The simplest and oldest method for measuring soil water content is called the gravimetric method. In this method, a soil sample is weighed, then oven-dried at 105°C to a constant weight and the final dry weight is recorded. This drying temperature is above the boiling temperature for water but below temperatures at which soil organic matter would be lost by heating. If the volume of the soil sample is unknown, then only the gravimetric water content can be  determined using this method. If the volume of the sample is known, then the bulk density and volumetric water content can also be determined. In practice, a fixed drying time of 24 hours is often used because it is more convenient than repeatedly weighing the sample to determine if a constant weight has been reached. The primary requirements for this method then are an accurate balance and an oven that can safely hold a constant temperature unattended for 24 hours.

In contrast to the simplicity of the gravimetric method, powerful new methods of measuring and monitoring soil water content involve a diverse array of cutting-edge technologies. Now satellites orbit the Earth carefully mapping the emission of electromagnetic radiation from the land surface in the microwave wavelength range, and these data are used to estimate the volumetric water content of the 0-5 cm soil layer around the globe with ~9 km spatial resolution [2, 3]. Researchers are also learning to extract information about soil water content from the satellite-generated signals received by antennas of Global Positioning Systems because a portion of those signals comes from reflections off the land surface [4, 5].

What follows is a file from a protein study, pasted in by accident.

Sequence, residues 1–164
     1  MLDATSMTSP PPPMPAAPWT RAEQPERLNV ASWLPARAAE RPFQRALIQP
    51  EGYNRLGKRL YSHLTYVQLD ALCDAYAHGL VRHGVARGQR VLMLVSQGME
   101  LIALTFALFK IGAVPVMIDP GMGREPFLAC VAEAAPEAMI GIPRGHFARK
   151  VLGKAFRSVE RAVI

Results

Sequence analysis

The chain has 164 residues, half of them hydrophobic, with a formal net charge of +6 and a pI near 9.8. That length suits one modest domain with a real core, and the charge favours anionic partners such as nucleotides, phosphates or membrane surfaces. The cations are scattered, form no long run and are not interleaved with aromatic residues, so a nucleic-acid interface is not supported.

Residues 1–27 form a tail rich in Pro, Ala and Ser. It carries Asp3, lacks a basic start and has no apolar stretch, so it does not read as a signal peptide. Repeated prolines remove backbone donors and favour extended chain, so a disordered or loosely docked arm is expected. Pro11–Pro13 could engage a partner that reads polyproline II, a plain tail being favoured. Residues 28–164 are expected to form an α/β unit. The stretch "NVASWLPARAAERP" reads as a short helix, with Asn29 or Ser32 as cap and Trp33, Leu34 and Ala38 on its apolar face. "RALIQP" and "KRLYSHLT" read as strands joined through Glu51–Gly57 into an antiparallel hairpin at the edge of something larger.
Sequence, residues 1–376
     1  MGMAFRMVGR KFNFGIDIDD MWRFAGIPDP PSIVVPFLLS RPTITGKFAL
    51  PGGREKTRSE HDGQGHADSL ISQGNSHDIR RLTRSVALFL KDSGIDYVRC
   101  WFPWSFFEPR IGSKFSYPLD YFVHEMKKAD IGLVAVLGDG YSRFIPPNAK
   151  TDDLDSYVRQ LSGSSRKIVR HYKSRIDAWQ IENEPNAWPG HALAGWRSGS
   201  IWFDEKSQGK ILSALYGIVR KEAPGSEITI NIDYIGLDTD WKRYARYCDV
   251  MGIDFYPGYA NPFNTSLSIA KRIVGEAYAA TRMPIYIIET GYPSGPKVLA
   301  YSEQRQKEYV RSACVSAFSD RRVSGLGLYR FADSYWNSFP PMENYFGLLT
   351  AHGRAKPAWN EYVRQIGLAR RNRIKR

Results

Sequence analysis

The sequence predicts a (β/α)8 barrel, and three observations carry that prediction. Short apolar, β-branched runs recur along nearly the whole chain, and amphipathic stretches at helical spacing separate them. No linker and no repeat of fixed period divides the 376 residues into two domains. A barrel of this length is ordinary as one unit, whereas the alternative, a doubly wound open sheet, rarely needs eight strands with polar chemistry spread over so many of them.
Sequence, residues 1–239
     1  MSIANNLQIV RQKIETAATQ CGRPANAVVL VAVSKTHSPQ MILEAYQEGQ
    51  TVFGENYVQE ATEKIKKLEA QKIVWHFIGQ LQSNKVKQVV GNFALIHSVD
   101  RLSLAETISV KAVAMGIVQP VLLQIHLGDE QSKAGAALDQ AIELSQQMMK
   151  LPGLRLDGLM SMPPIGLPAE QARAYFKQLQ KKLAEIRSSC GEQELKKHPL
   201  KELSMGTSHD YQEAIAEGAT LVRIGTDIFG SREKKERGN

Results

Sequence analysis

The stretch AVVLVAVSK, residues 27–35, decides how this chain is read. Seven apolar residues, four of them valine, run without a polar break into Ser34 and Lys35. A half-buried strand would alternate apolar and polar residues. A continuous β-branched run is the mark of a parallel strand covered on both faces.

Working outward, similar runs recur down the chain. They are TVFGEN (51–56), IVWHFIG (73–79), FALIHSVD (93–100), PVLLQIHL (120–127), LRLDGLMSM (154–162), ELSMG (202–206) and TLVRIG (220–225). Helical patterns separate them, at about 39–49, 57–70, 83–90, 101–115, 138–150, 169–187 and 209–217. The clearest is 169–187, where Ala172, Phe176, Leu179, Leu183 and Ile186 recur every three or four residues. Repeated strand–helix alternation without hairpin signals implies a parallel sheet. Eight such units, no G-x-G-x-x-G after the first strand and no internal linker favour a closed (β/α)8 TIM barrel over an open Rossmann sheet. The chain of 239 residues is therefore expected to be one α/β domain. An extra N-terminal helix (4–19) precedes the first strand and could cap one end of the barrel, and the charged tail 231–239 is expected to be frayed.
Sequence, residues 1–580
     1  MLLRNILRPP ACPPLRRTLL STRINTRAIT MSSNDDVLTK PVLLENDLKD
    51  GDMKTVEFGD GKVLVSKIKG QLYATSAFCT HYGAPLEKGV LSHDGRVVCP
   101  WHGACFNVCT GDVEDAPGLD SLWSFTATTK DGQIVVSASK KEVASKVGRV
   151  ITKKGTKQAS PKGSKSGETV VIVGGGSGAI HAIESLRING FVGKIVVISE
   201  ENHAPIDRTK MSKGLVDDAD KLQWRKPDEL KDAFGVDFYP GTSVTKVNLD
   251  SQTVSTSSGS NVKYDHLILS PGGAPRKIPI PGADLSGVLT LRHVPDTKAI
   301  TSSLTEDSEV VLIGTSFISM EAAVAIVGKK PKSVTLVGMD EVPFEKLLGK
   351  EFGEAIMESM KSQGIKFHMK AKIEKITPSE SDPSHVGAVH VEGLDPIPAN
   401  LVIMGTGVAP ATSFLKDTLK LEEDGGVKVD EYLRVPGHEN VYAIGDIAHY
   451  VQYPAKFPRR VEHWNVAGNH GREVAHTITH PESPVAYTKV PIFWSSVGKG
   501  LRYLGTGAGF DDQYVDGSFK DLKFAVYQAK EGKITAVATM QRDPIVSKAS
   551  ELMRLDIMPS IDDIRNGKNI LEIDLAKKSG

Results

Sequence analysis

Meanwhile, neutrons generated by cosmic-rays are detected with stationary or mobile neutron counters at the land surface and used to estimate volumetric water content of the surface soil to a depth of up to 40 cm with a spatial resolution of ~400 m [6, 7]. For higher spatial resolution, researchers deploy fiber optic distributed temperature sensing systems with or without active heating capabilities. These systems can measure soil temperatures at 1-m resolution and 1-min intervals along paths of 1-km length or greater, and the soil temperature data can be used to infer soil volumetric water content [8, 9]. Fig. 3‑2 shows some of the equipment in a field experiment called the Marena, Oklahoma, In Situ Sensor Testbed (MOISST) where many of the established and emerging soil moisture measurement technologies are inter-compared [10].

Add to these techniques the steady progression of new electromagnetic and thermal sensors that permit long-term, automated monitoring of soil volumetric water content at a single point [11] , a progression that began with the seminal work of Topp et al. [12] who used a technique called time domain reflectometry (TDR). You can see that development of improved methods for measuring soil water content has been a major focus in soil physics and related disciplines, and you can understand why soil water content data are becoming increasingly available around the world [13]. One of the great opportunities for researchers today is to find creative ways to use these data for societal benefit whether for improved drought monitoring, more accurate streamflow forecasting, increased wildfire preparedness, or a host of other potential applications [14-16].